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Favors v. Lourey

United States District Court, D. Minnesota

December 13, 2019

Joseph Anthony Favors, Plaintiff,
v.
Tony Lourey, et al., Defendants.

          ORDER

          Tony N. Leung United States Magistrate Judge.

         Plaintiff Joseph Anthony Favors, a client of the Minnesota Sex Offender Program (“MSOP”), has filed suit against several individuals alleging violations of both federal and state law. Favors has filed a letter requesting that the Court appoint “through the Pro Se Project an Advisory Council to assist [Favors] in this case.” (ECF No. 33). The Court will deny that request.

         “In civil cases, there is no constitutional or statutory right to appointed counsel.” Ward v. Smith, 721 F.3d 940, 942 (8th Cir. 2013) (per curiam); accord Phillips v. Jasper Cty. Jail, 437 F.3d 791, 794 (8th Cir. 2006) (same). Instead, “[t]he court may request an attorney to represent any person unable to afford counsel.” 28 U.S.C. § 1915(e)(1) (emphasis added). “The relevant criteria for determining whether counsel should be appointed include the factual complexity of the issues, the ability of the indigent person to investigate the facts, the existence of conflicting testimony, the ability of the indigent person to present the claims, and the complexity of the legal arguments.” Phillips, 437 F.3d at 794; accord Ward, 721 F.3d at 942. “The court has a good deal of discretion to determine whether representation is warranted given the nature of the case and the litigants.” Chambers v. Pennycook, 641 F.3d 898, 909 (8th Cir. 2011); see Trotter v. Lawson, 636 Fed.Appx. 371, 373 (8th Cir. 2016) (per curiam).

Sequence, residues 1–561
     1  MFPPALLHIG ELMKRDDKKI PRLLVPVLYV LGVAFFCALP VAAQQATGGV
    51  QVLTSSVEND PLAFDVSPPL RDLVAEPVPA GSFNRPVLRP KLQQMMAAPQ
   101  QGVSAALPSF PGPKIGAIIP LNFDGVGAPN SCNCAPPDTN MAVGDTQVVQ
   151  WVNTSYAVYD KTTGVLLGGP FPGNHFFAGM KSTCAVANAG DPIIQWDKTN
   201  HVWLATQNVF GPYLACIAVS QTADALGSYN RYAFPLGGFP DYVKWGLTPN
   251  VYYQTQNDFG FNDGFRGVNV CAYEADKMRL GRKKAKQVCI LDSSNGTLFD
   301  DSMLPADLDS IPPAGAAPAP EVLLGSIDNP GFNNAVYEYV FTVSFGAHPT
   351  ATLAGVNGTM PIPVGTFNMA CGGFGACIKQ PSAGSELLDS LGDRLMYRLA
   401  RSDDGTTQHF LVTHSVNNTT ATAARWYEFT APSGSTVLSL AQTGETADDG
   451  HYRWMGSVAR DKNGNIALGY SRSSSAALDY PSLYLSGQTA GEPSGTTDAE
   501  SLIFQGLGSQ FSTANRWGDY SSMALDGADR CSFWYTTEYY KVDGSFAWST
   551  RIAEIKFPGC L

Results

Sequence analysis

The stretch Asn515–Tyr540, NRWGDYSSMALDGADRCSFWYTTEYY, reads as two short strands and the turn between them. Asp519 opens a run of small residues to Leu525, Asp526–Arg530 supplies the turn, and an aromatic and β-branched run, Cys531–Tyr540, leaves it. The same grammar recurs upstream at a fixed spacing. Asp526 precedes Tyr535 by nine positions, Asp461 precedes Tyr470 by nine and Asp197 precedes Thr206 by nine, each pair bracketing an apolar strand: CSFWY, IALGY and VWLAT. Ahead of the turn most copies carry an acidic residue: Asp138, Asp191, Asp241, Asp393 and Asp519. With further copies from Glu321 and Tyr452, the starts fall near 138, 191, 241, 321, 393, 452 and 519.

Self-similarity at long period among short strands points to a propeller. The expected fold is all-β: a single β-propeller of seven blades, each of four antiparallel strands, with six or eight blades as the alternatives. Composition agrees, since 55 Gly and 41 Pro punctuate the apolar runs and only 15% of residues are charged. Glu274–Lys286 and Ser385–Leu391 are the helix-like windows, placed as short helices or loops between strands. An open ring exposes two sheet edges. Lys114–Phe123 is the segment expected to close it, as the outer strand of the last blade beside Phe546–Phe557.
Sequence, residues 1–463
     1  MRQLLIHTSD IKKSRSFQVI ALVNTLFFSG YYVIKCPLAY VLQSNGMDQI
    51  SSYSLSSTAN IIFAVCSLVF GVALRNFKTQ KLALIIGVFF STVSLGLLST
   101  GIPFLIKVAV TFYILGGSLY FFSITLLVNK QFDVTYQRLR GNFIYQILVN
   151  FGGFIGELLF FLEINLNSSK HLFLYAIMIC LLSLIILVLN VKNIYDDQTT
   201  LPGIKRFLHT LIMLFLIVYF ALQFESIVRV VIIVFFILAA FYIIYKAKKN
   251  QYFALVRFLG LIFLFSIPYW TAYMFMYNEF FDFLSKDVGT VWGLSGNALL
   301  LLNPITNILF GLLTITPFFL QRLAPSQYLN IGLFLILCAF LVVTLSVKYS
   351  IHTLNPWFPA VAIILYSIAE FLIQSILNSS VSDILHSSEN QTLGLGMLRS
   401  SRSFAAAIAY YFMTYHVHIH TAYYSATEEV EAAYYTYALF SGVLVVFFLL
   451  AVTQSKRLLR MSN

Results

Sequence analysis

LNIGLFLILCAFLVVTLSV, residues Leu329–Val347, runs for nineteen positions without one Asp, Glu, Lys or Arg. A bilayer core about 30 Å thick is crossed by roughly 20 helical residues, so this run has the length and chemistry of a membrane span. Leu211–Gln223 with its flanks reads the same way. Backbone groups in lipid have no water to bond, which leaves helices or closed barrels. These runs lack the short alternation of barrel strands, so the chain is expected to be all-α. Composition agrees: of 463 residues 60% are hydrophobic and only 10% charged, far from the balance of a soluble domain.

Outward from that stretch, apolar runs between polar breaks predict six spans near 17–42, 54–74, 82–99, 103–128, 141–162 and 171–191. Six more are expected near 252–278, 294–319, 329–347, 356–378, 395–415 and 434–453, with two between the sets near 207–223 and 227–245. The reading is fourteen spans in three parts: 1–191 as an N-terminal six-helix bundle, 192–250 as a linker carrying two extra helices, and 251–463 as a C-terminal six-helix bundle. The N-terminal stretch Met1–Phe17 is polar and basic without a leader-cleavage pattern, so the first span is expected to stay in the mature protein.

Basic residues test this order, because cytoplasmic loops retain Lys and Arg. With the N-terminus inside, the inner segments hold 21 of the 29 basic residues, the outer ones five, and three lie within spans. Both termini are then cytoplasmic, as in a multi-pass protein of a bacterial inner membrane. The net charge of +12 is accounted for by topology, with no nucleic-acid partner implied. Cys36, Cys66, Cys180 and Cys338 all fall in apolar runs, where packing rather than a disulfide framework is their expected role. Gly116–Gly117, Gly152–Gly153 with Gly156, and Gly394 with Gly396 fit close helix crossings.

Favors states that he “has no experience whatsoever with any federal or state case, especially huge like this one.” (ECF No. 33, p. 2). He describes himself as “a blind man in a fist fight, just guessing what laws apply, what to file, where to get it, and have the time to do it.” (Id.). He further notes that all the defendants in this case have the benefit of counsel. (Id.).

         Favors's filings to date demonstrate his ability to articulate his position to the Court and a basic understanding of legal procedure, including filing motions as a means of seeking relief from the Court. See Ward, 721 F.3d at 943. He has filed more than 10 cases pro se since 2010.[1] The Complaint is over 60 pages long. It refers to specific state and federal statutes, state and federal constitutional provisions, and state administrative rules. These documents also include citations to and a discussion of a multitude of legal authorities. Favors's history of pro se litigation and the extensive Complaint filed in this case demonstrate that his access to the Court is not impeded. Moreover, the factual and legal issues underlying this litigation do not appear any more complex than other civil-rights matters routinely brought before this Court.